But the comments on the U.S. reveal perhaps a little more. He gets agitated that “the prototype for democracy worldwide has “revealed a paradoxical reaction towards the situation, fiercely supporting the government while turning a blind eye to the people’s movement and civil society whose protest is largely peaceful.”

Appealing for elections and peaceful resolution of a crisis “while [sending] strong signals … to warn the military against staging a coup” seems “paradoxical”? We are lost, but Ukrist “explains” his tortured logic:

The ideological framework and reaction of the US can be traced back to a biased attempt to undermine the notion of “Thai-style democracy”.

He doesn’t explain “Thai-style democracy” but tramples on:

What’s noteworthy is how the US and the Western media, who should have understood the development of democracy in Thailand, failed to grasp the reality that democracy has been prevalent in Thailand through past elections, during each of which the campaign for votes was widespread and regular.

And the point is? We are sure the previous sentences are garbled and he means something else, for he writes that:

Thailand’s democracy has unique complications similar to the development of democracy in other nations in Southeast Asia where traces of oligarchy remain influential, as well as local influences and power, and faith in an individual figure.

Oligarchs and faith in individuals? Has Ukrist never studied democratic politics anywhere else? But his point seems to be that “[d]emocracy comes in various forms … and it would be either ignorant or narrow-minded if the US and Western media fail to differentiate ‘anti-government’ from ‘anti-democracy’.” In fact, PPT reckons that is exactly what they are doing.

Ukrsit then lets his imagination outpace his already flawed logic. He says the while some “rally leaders [are] trying to court military involvement, the civic group that has been the backbone of the rally desires no coup.” Which civic group is this? The extremists “students”? The Democrat Party? Perhaps he means just the people who show up for the rallies? But is that a “civic group”? There have been plenty of signs at the rallies asking for a coup.

For some unknown reason he gets upset that “active political expression is undermined by the attempt of the Western media to brand the protest a festive carnival.” He seems to completely miss the point that such descriptions are not negative at all and are even read by many as supportive of the protesters.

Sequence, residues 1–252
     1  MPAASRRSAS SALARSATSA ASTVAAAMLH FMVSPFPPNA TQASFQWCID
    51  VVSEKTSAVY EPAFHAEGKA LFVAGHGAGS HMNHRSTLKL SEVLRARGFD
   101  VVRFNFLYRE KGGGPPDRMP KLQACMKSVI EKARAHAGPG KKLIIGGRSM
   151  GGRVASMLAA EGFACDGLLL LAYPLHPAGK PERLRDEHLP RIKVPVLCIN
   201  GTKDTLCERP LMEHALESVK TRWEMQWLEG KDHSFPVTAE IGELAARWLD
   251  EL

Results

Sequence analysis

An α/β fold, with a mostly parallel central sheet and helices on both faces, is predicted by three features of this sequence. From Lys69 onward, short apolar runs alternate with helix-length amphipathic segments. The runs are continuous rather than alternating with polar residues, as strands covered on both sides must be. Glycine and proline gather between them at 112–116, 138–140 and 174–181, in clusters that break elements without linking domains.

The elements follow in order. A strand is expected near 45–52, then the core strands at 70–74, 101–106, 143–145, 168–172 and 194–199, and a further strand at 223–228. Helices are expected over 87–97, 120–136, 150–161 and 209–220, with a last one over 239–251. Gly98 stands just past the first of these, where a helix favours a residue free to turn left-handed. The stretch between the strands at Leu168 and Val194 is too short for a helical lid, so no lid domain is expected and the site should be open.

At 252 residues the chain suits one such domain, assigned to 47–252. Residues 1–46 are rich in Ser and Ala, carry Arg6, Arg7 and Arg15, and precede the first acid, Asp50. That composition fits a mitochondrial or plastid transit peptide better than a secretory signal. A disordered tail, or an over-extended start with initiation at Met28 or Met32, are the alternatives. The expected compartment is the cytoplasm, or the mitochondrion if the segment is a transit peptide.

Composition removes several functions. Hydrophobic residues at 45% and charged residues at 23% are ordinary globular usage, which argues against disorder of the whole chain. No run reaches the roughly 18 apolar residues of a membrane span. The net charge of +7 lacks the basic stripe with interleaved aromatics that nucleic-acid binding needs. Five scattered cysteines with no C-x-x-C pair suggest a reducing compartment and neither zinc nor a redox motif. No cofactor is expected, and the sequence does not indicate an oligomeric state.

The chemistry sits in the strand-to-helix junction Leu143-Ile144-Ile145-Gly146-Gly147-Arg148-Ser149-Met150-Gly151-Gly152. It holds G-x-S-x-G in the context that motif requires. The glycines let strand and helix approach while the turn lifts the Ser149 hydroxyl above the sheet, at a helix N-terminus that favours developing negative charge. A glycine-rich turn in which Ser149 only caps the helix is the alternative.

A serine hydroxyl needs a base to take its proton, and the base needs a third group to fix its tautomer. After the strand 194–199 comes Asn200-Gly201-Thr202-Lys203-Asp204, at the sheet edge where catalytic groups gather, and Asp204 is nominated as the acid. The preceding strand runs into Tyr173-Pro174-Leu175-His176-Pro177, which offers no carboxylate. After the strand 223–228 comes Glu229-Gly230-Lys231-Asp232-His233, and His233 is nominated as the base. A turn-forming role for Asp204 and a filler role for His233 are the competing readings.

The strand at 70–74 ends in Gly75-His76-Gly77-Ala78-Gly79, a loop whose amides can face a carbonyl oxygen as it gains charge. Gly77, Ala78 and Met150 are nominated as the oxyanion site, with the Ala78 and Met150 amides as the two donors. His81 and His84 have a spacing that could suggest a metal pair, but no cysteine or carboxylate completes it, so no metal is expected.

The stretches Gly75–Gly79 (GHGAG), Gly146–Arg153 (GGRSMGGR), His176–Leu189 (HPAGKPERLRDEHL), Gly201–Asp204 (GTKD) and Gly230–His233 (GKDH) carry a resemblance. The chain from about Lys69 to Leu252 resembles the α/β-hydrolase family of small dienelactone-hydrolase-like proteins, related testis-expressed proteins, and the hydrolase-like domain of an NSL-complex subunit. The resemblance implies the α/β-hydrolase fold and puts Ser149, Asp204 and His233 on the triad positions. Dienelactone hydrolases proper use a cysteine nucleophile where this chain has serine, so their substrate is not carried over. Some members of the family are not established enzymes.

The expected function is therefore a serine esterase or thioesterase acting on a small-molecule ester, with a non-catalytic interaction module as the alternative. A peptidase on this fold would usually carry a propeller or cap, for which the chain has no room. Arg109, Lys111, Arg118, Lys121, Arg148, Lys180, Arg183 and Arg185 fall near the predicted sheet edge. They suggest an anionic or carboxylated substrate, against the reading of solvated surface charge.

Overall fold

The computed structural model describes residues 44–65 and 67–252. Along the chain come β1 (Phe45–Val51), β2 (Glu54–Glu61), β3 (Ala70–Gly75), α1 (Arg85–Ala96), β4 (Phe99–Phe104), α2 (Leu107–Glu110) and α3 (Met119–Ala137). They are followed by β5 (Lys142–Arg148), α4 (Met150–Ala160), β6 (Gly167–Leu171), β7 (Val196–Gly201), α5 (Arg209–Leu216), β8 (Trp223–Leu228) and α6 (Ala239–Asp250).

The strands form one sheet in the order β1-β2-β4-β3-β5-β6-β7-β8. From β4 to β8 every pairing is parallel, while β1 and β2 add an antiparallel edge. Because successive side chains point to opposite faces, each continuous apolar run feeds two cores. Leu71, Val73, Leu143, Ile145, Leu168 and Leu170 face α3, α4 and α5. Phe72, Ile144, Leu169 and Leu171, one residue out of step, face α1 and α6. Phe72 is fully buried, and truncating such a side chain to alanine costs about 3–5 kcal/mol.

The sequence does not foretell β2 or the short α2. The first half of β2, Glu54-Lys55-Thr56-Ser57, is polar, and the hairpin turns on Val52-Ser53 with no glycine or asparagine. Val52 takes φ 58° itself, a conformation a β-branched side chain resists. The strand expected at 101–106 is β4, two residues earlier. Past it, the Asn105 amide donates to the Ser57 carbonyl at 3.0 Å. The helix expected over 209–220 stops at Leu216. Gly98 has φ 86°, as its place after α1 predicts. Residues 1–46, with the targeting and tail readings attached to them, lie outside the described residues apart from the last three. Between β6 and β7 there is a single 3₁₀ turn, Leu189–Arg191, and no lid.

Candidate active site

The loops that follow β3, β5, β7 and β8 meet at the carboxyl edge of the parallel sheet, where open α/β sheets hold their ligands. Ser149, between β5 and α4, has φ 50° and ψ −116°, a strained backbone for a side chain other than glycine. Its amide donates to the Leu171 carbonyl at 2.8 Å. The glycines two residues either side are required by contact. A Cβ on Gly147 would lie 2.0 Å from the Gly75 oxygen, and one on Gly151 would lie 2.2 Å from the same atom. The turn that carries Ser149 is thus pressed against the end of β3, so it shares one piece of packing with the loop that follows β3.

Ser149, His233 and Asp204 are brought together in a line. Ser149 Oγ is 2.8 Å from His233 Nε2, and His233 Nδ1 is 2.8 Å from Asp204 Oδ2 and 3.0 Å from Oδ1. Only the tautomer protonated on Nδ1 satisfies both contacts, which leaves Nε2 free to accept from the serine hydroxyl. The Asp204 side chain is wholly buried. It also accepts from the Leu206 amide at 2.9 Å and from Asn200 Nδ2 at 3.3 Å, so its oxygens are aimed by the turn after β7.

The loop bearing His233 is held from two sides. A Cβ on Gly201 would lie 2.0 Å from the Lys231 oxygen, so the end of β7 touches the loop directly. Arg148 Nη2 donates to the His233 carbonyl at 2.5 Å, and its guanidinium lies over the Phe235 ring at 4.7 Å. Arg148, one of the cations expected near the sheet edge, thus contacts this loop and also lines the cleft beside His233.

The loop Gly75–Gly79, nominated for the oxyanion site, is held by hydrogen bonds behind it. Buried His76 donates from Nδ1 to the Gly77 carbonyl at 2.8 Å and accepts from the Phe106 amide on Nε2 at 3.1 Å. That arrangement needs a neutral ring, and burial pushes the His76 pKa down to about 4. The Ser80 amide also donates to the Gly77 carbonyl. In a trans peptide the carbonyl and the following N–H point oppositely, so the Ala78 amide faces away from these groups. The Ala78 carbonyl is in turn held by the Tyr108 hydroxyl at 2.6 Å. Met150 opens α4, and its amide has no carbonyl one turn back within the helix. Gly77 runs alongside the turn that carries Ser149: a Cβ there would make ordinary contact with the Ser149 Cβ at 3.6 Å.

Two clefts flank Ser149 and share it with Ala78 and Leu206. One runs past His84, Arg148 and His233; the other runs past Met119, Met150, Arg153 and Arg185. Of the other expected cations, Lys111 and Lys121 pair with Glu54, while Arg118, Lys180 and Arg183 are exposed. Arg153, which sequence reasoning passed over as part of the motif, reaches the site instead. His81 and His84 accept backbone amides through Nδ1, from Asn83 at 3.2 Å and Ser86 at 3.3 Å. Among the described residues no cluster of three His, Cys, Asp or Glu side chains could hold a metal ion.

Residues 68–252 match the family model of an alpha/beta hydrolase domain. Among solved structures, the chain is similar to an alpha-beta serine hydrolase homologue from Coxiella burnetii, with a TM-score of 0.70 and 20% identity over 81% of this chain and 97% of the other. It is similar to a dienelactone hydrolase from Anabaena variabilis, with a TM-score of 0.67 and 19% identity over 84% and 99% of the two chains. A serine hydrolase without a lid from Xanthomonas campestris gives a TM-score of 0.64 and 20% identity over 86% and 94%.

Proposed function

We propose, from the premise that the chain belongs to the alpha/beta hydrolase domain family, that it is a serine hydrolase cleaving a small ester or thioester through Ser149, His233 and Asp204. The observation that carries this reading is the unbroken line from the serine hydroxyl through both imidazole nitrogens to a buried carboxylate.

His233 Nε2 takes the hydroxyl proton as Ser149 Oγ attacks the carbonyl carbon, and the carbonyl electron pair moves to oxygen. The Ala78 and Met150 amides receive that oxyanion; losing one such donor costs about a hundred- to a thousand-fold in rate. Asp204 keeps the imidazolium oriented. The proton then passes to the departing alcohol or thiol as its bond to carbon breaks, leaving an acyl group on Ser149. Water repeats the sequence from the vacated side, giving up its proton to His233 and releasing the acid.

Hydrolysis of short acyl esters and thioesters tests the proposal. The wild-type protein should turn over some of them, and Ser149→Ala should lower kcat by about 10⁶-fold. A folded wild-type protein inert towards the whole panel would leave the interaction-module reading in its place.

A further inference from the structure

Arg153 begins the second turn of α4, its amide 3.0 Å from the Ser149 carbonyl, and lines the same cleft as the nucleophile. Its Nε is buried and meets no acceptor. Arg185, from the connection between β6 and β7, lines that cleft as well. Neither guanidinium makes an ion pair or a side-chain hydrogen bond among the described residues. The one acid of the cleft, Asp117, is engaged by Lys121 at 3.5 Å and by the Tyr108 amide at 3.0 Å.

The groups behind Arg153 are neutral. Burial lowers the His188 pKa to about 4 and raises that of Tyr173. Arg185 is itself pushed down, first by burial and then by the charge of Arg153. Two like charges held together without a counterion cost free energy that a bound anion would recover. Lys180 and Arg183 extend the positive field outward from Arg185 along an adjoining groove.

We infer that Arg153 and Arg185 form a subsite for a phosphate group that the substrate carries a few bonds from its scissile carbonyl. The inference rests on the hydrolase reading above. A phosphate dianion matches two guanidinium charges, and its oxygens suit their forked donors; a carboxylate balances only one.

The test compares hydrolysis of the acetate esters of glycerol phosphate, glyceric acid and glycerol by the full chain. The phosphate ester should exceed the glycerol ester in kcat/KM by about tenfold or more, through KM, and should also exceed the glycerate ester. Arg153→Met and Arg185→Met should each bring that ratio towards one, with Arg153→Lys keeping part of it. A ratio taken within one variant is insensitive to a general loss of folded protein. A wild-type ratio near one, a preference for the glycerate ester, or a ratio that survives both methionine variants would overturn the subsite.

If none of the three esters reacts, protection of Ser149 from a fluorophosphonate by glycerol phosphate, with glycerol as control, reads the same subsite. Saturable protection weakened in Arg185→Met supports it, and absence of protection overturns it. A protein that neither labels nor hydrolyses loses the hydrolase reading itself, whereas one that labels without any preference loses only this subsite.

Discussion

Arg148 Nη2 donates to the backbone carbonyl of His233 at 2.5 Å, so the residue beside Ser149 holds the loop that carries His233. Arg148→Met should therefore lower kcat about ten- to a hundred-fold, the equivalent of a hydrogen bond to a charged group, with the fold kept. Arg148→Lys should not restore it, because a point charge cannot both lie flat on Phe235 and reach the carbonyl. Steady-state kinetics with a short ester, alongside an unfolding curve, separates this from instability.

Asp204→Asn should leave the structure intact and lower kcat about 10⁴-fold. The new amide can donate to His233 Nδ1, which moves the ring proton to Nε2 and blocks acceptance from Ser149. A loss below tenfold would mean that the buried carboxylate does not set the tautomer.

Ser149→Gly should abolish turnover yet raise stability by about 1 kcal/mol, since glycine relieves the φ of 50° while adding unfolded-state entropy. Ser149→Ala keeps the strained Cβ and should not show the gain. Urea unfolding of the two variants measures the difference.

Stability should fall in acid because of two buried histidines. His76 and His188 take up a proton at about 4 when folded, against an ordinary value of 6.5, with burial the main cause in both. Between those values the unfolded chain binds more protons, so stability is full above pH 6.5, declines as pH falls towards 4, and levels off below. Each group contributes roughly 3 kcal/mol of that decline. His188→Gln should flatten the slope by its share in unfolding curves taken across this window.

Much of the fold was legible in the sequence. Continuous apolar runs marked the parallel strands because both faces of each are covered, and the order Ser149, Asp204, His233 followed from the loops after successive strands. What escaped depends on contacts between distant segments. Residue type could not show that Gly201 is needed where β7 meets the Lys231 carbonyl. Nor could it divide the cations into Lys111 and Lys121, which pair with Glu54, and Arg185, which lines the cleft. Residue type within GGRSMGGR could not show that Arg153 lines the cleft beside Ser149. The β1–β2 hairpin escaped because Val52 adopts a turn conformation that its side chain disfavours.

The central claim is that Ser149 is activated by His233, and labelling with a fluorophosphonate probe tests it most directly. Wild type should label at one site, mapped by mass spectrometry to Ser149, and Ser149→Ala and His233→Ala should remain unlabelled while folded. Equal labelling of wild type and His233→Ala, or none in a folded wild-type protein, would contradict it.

So if you’ve been lost in this potpourri of “academic analysis,” this “academic” explains:

Of course, the US has been enjoying economic, political and military benefits in the Southeast Asia region, but it’s the political issue that’s perennially on top of Washington’s agenda, isn’t it?

And the whistles that have been blown to banish authoritarianism and corruption in Thailand are not different from the song of protests sung in North Africa, Turkey and Ukraine.

In other words, all of this is to explain that both China and the U.S. support the incumbent government, one for economic interests and the other for “political” or even ideological reasons.

Is it the political – and he means democracy – that always wins for Washington? Perhaps Ukrist could ask the Egyptian military? Ukrist doesn’t even consider the U.S.’s very substantial investments and capital stock in Thailand; these are well in excess of the Chinese.

Perhaps both China and the U.S. are tired of the ridiculous nature of Thailand’s politics? Perhaps they are reflecting their investors? Perhaps Ukrist could try doing a little research rather than being a propagandist.

Update: Voranai Vanijaka’s interventions in debates of late have been rather good and interesting. That’s a big compliment as we have been very critical of him previously. His op-ed today at the Bangkok Post reflects on some of the issues we raise above: “academics” not really being able to teach about the past. In our view, this is often because they don’t know it because they haven’t researched it. He asks:

The transitional period is something every society goes through, but with all the histories out there to learn from, we still manage to be in such a mess. This is simply because we are clueless about ourselves and the world around us.

How are we to shape the future, if we haven’t learned about our past? How are we to understand where we are today, if we don’t study the history that led to the present?

So often, both sides get it wrong. Voranai suggests this as one issue that needs to be studied: “How society copes in a land where feudalism, democracy and dictatorship are in such a tangled mess.”